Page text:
Italy Willing To Open Tehran Embassy To Protesters

Posted by Alex On June - 21st - 2009

Italy is willing to open its embassy in Tehran to wounded protesters in coordination with other European nations, the Italian Foreign Ministry said in a statement on Monday.

Quick Guide To Twittering The Iran Revolution

Posted by Alex On June - 21st - 2009

A how to guide to twittering about the Iranian election crisis.

Iran-50 Cities Had More Votes Than Voters

Posted by Alex On June - 22nd - 2009

In 50 Iranian cities the number of votes cast in this month presidential election exceeded the number of eligible voters, the state's election watchdog admitted today. The surprising admission by the Guardian Council was, however, designed to undermine the claims of the defeated candidates that the vote was rigged.

Iran-Faces Of The Basij

Posted by Alex On June - 20th - 2009

Images of the Iranian Basij

Next Stop - Civil Disobedience

Posted by Jaime On June - 19th - 2009

On Tuesday, Savage Love columnist and podcaster Dan Savage wrote an interesting article addressing how queer Americans should approach the Obama administration's repugnant avoidance of campaign-trail promises.

Public Gay Book Burning

Posted by Alex On June - 17th - 2009

A Christian group called the CCLU is trying to have a gay book publicly burned.

List of Journalist and Politicians Detained in Iran

Posted by Alex On June - 21st - 2009

An unconfirmed list of the reporters, bloggers and politicians being detained in Iran.

Focus On The Family Lies

Posted by Alex On June - 18th - 2009

Truth Wins Out Catches Focus On The Family In A Lie

Civil Disobedience: A Proposal

Posted by Alex On 7:37 PM

Via Dan Savage

The following post in directly copied from Dan Savage and the Stranger Blog, just to get the idea out:

Longtime gay activist Cleve Jones is leading the charge for the "National Equality March," a gay march on Washington called for October 11 of this year. Many folks are opposed—there's not enough time to organize a march, Congress isn't in session that week, marches don't accomplish much, a march eats up resources and energy—and Queerty has a good point/counterpoint interview/argument with Cleve. I'm officially agnostic: if people want to march, they can march.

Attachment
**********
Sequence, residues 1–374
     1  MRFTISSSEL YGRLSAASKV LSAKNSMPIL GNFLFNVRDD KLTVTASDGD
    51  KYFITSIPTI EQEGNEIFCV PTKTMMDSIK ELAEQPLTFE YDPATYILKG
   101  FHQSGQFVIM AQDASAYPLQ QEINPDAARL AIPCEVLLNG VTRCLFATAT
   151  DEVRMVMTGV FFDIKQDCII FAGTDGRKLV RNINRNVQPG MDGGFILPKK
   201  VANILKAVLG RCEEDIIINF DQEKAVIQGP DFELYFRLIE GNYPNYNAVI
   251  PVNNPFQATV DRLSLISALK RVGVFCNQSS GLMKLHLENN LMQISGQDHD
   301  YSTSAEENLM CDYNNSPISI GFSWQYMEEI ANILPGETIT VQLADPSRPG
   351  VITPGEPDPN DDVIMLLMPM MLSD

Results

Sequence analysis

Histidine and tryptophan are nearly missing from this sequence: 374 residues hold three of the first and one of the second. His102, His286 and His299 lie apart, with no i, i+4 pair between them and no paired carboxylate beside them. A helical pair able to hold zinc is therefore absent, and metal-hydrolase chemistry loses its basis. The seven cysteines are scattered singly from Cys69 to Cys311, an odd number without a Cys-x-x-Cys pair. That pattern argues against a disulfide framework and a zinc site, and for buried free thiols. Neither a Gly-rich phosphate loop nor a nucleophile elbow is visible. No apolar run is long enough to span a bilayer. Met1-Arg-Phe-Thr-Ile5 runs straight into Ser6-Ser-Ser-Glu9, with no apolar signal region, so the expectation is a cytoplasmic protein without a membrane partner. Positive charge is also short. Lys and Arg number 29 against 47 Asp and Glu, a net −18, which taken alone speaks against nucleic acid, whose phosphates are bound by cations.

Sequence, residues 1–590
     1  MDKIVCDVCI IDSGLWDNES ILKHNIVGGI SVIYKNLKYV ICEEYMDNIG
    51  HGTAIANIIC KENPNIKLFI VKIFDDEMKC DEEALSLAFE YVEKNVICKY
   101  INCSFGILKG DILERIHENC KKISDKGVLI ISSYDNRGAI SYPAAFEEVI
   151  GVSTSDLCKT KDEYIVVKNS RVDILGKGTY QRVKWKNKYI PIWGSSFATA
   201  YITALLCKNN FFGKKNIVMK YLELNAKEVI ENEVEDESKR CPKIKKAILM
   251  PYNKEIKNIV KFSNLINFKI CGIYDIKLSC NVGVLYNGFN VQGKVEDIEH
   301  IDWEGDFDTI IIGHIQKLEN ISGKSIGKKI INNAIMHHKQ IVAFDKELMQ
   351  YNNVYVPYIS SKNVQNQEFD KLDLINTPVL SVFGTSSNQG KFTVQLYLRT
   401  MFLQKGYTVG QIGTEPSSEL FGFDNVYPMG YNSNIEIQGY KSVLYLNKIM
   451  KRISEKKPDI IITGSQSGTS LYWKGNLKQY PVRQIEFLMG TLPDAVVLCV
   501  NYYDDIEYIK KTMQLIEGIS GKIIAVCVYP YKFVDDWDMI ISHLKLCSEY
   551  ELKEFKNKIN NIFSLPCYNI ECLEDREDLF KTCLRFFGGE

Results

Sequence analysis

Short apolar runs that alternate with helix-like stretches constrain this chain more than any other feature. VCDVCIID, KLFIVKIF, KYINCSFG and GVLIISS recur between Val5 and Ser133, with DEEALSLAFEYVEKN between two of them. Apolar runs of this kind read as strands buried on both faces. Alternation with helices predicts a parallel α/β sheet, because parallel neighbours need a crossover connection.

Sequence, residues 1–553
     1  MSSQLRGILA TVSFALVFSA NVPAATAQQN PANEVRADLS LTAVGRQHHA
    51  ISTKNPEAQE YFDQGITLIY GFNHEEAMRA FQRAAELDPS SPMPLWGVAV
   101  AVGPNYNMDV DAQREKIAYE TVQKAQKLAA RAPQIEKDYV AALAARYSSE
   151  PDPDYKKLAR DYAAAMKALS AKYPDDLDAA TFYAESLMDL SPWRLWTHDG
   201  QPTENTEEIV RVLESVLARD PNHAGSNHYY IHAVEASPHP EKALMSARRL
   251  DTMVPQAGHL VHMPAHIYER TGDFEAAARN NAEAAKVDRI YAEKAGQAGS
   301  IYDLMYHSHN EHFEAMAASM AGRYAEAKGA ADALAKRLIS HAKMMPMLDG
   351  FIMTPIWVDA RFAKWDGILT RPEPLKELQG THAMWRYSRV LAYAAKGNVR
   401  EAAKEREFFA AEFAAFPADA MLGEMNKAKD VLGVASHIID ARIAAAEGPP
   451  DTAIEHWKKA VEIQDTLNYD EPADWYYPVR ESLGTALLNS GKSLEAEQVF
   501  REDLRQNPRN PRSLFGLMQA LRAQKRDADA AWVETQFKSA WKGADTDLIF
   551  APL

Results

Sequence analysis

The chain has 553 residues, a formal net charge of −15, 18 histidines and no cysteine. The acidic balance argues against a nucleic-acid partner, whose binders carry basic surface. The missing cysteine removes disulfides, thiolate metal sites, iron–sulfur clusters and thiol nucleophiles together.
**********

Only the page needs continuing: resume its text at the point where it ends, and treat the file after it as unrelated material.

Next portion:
But I have suggestion for an ongoing, smaller-scale action that would have a larger impact than a one-off "march" through an empty city. My idea would need fewer than a 1000 people to succeed—730 to be exact—and it wouldn't be over in a day. It would go on, day-in, day-out, every day, for a year. Hell, it could go on indefinitely. It involves civil disobedience and the 730 volunteers would have to be willing to get arrested. People who are unable to participate could make donations to help cover the expenses—legal expenses and travel expenses—of those who can.

Here's the idea: one gay or lesbian couple—a couple currently denied their rights under DOMA—shows up at the entrance to the White House grounds. A different couple every day. They ask to speak to the president about DOMA. They're refused. They sit down. They refuse to leave. They're arrested, carried away by the police. Couples would be recruited from all over the country, demonstrating that gay marriage isn't just an issue in liberal California or godless New England, and the media in each couple's home city and state would be notified in advance of their arrest. The occasional famous couple—Rosie and Kelli? Ellen and Portia?—would participate to pull in celeb media. But most of the couples who come to D.C. to get arrested would be average folks. The couples would need support, legal and logistical, and we would need someone to organize media outreach and maintain a website. The website would include a photo and profile of each couple that comes to D.C. to get arrested, collect all the press, and be used to recruit couples willing to travel to D.C. and get arrested.

The action would be small scale—it would be human scale—and it would go on and on and on. It would demonstrate better than another gay march just how seriously we take this issue: we take it seriously that we're willing to travel to D.C. and get arrested. It wouldn't be a one-day event that the White House could ignore or bluff its way through with some lame statement about its "commitment" to ending DOMA. The couples would keep coming. Every day an arrest. Drip, drip, drip. Members of the White House press corps would see couples getting arrested every day on their way to work. Gibbs would be forced to address DOMA on a near-daily basis. The president would be asked about the issue again and again.

My boyfriend—who doesn't do demonstrations (or interviews or photos or anything public)—is so upset about the DOMA brief that he's willing to go to D.C. and get arrested. So am I. We can't be the only couple that feels this way.

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